Last fall I learned how to crochet and, for the first time in my life, I found a craft that kept me coming back for more. On one of my recent trips to see my parents, my mother happily handed over all of my grandmother's retired crochet hooks and some of her pattern books (where I saw a few familiar afghans). Oddly, I somehow made it through 33 years of life without realizing that my own grandmother crocheted and that's why my brother and I were given matching yellow, orange, and green crocheted bedspreads when we were kids. It's all coming together now.
While I was excited to get my grandmother's crocheting tools, there was a deep sadness in me that when she was alive, she never thought to teach me how to crochet. Granted I didn't see her very often, she lived in Indiana and Arizona most of my life, but when we did get together she taught me things like Cribbage, Gin Rummy, and Solitaire; couldn't she have taught me this simple crafty skill?
There are many levels to this sadness, one is that crocheting (like knitting, which I tried to learn as a child but never took to) is a useful skill that fits with a simple, non-consumeristic lifestyle that I strive to live out, though often failingly. Since October when I learned to crochet, I have given several scarves, two hats, two blankets, and one stuffed animal as gifts to friends and family with some more scarves in waiting to give to the homeless this fall. Each of these gifts has been received with great joy, more so than anything I could have ever bought them.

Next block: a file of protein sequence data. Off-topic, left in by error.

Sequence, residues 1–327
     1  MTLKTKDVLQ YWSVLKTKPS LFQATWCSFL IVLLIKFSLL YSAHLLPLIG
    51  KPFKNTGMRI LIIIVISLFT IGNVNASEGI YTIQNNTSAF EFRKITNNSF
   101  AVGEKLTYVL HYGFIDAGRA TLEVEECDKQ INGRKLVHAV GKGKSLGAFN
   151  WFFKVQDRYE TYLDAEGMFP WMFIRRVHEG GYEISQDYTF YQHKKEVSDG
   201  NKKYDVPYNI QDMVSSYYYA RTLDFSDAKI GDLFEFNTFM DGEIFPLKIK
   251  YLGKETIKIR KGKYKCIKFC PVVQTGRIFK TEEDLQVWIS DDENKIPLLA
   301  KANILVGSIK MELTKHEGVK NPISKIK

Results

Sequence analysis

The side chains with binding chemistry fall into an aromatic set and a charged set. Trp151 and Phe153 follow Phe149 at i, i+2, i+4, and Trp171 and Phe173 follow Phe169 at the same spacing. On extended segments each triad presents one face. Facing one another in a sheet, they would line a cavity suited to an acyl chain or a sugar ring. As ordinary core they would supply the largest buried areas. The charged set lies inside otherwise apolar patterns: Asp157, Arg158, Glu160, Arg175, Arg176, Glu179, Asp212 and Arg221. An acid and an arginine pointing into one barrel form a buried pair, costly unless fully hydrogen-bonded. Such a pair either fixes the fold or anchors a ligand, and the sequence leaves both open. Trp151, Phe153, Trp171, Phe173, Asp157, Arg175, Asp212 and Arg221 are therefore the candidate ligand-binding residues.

The beginning of these projects were boxes of old yarn I'd be carrying around for years that I wanted to put to use. It's that thrifty, don't waste anything, pack rat part of myself that wanted to rile against the consumerism of this culture that held onto that yarn. Now, it has a new life and new purpose.
To that end, I want to share with you a project I look forward to working on later this summer or fall, a crocheted Market Bag designed by Lion Brand yarn (the pattern is free, but you have to sign up for their newsletter to view it). I can make it with my old yarn and use it for groceries or other shopping outings, making it an easy fit into my enviro-ethic! I am so grateful that I finally learned to crochet and can reclaim some of the thrift, simplicity, and self-sufficiency our grandparents took for granted.
If you have eco-crafty projects that you'd like to share, feel free to comment on my blog post or email me! Happy Crafting!